Tag Archives: short story

I’m Back!

Did anybody miss me?

Seriously though, one of the reasons I was gone so long was that I was feeling depressed about my writing. I felt that nobody cared about anything I was doing and all the blog posts I wrote were simply masturbating out into the web, ejaculating my thoughts and ideas into a dark corner of the Internet where all they left was a sticky little stain and a funky smell.

Another of the reasons was that I was pouring all of my energy into my day job. A job that, sometimes, felt like no matter how much of my effort went into it, nobody cared much about it there, either. I was getting in long before anyone else showed up, 90 minutes before I was scheduled to be there, and staying late to make sure that everything got done. Nobody asked me to do this, but I was raised by a workaholic and that work ethic stuck with me, no matter how destructive it might be to my health and sanity.

So, combine depression with continually putting all of my energy into something other than writing, and that makes a sure-fire recipe for being completely burnt out. I didn’t feel like I had any time to write before work, and by the time I got home I was too tired to do anything more than crawl into bed. The only thing left was a feeling of failure as the days passed one after the other without anything getting on the page.

Which, of course, simply fed the cycle.

But now, dear reader(s) (if I have any of you left), I am going to try to start over. I am going to try to focus less on my job in order to save more of my energy for writing. My goals for the year have shifted as a result of this collapse, and I will no longer be trying to write a new novel this year. My main focus is not to simply continue to write, on whatever project I feel deserves the limited energy and attention I can give it. I can’t promise anything, but I will try to post whenever I can and give you an update on how things are moving along.

Speaking of projects, I thought of a new one over this last weekend. It was the opening day of WisCon, which, if you have followed my blog for any amount of time, you will remember I attend regularly. I was there in a last-ditch effort to regain my writing mojo, and, since I am currently blogging about it, I was successful in that effort. There were actually a few panels that I attended that helped me in this, from the Joy of Failure to Taking Care of the Writer’s Body. From Social Isolation to How to Not Give a &#@! All of these panels helped me to refocus my thinking on stuff that doesn’t really matter to the things that make me WANT to get out of bed in the morning.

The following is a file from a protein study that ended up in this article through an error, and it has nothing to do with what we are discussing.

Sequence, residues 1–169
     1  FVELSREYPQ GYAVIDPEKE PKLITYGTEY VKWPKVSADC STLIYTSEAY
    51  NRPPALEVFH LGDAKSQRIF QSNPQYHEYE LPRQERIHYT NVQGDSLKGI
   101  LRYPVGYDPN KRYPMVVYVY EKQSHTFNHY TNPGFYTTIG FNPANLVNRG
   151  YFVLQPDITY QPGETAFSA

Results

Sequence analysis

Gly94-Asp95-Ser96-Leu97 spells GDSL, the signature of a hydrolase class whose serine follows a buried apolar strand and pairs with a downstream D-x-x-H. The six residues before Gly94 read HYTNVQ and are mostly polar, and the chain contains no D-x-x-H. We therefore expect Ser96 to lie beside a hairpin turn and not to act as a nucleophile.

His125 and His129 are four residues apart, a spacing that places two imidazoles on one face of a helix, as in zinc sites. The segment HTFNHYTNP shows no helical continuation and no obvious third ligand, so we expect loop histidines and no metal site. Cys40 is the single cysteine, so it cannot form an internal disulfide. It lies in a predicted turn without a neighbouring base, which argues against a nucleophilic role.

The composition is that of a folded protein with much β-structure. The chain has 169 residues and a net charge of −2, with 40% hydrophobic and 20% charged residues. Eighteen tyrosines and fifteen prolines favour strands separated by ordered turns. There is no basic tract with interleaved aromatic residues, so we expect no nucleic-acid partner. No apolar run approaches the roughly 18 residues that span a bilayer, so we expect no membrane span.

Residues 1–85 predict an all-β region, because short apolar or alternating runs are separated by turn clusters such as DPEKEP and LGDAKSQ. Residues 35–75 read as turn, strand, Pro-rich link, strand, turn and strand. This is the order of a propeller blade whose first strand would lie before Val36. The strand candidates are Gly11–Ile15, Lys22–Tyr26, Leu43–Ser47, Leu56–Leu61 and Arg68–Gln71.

Anyway, back to the project. There was a sign in the lobby with a title of “We All Met In A Tavern”. I’m not really sure what it was all about, but it reminded me of the old Thieves’ World anthologies, where several different writers all wrote stories set in the same world. It seemed like a good idea, and so, of course, that meant it was worth stealing. Not completely, mind you, but the general idea. So here it is:

The Liars Club

Let me explain. I want to get submissions from writers around the world (or, more specifically, the Internet) to send me stories that are essentially their favorite characters telling a lie. And not just any lie, but a big one. A profound prevarication. An immense insincerity. A fabulous falsehood.

Depending on the submissions, this could either be something simply posted online to the world for everyone to enjoy, or the tales could be collected into an anthology for sale to the gullible public. For now, I’m not sure if I would have the skills or energy to physically publish anything, and I have no idea whether or not anyone will even submit anything, so it will probably just be going online. We can revisit the publication aspect in the future if there is enough interest.

If YOU are interested, here are the rules:

  1. Use your own character. I’m not interested in fan fic or slash fic, so don’t kidnap another author’s brain child
  2. The story has to be told in the first person
  3. The story has to be something outlandish and/or outrageous. Something fantastic that really makes it hard to believe, but told in such a way that it maybe, possibly, could have potentially happened
  4. The story should be told as if it actually happened to the main character, and they should state why they are unloading this load of bullpuckey onto the listener. Whether they are telling the story to explain why they were late to their own wedding or why they have a terrible fear of wheelchairs doesn’t matter, but the story should start with a lead-in
  5. The story should end with the listener’s reaction. Do they believe this nonsense? Or were they smart enough to catch something in the story that revealed the lie?

That’s my idea. I would be interested to know what you think about it (if there are any of you still out there). And, like I said, if you want to participate, send me a story and spread the word!

I won’t bother telling you when I’ll be back with another post, as I don’t know myself. I have only turned on my laptop a few times in the last four months, and that was mostly just to check my e-mail before my inbox exploded. But I am going to try to be better at that starting this week, so hopefully I’ll have another post soon.

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Let Your Freak Flag Fly